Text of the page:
9. Pass it on — Tell friends and family about ENERGY STAR. Almost one-quarter of households knowingly purchased at least one qualified product last year, and 71% of those consumers say they would recommend ENERGY STAR to a friend. Spread the word, and we can all make a big difference.

High Efficiency HVAC Versus Standard HVAC

Lower energy bills. Even today’s “standard” systems are likely more efficient than the system it will replace. Federally-mandated “minimum” standards have steadily risen in recent decades.

  • Lower cost environmentally-friendly chlorine-free R410-A refrigerant. The ozone-depleting R-22 chlorofluorocarbon R-22 is no longer available for newly manufactured air conditioners and heat pumps. And while it’s still available for servicing older units, production has been cut. As a result, it’s price has already more than tripled in just the past year. At the same time, the cost of the new refrigerant has steadily declined. As more and more homes convert to the new refrigerant, the cost of the older refrigerant will continue to rise as that of the new refrigerant will continue to fall.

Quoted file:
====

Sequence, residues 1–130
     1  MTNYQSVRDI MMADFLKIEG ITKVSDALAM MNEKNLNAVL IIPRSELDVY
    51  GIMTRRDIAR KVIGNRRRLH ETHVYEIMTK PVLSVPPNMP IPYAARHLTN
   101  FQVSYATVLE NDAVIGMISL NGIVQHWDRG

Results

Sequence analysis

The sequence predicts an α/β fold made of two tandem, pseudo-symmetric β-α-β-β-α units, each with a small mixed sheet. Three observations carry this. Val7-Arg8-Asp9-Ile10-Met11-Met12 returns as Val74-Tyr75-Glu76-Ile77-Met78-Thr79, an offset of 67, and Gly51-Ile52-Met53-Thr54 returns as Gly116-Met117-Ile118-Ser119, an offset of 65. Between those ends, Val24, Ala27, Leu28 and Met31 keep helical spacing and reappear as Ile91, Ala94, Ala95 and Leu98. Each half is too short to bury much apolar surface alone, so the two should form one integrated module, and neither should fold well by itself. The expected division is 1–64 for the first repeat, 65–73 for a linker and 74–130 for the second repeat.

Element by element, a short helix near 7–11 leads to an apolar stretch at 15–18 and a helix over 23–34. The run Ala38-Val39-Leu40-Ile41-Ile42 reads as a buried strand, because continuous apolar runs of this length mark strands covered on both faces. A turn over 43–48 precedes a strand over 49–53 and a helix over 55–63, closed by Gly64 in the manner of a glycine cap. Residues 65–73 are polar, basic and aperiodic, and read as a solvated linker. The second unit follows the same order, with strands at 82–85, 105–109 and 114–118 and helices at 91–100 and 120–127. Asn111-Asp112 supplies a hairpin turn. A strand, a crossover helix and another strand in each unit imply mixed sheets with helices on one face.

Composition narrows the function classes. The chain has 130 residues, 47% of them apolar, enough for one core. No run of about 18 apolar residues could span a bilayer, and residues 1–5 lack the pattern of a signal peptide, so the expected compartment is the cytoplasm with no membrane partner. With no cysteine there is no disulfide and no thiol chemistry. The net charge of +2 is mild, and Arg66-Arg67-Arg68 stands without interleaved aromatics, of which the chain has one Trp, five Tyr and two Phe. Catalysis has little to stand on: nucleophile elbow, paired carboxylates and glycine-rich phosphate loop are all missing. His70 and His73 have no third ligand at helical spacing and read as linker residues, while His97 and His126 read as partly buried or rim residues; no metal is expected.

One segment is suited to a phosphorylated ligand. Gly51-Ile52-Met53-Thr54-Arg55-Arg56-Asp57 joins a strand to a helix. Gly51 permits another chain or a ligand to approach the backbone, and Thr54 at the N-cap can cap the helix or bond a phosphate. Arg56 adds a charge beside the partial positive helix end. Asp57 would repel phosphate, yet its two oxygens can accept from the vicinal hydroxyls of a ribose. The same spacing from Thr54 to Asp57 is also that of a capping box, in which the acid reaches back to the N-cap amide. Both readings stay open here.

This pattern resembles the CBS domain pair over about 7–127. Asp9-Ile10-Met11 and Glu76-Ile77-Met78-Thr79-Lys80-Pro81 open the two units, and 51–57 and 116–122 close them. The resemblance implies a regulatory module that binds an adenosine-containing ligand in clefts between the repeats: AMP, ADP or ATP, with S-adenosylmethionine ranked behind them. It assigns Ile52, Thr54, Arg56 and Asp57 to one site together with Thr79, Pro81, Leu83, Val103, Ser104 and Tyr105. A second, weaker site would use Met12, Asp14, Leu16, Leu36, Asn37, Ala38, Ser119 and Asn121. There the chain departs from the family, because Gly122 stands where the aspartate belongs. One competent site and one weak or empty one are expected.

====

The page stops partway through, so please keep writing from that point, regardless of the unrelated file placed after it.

• Two-stage burners and compressors that operate at lower rates to save energy. Only on those really cold winter and hot summer days will these systems operate at 100%. The rest of the time, they’re keeping you warm but with considerable energy savings.
  • Improved circulation, better air quality, greater humidity control & reduced temperature swings with power-saving variable speed blowers. In place of standard system’s on-or-off-only option, fans ramp up gradually to a speed matched to current demand. Slower speeds when temperatures are moderate, higher speeds only when temperatures soar.
  • Greater summer comfort at higher thermostat settings. The low-consuming variable speed fan keeps air moving for longer periods. This enhances humidity removal at the coil and keeps family members cooler in the living space even at higher thermostat settings. Of course, that means lower electric use. Because the variable speed fan is low-consuming, it can be set to run continually further enhancing cooling. Even greater cooling and savings can be obtained with the addition of advanced thermostats. These not only offer the most effective humidification in winter but in summer work in concert to remove more moisture than a standard system saving signicantly on cooling costs.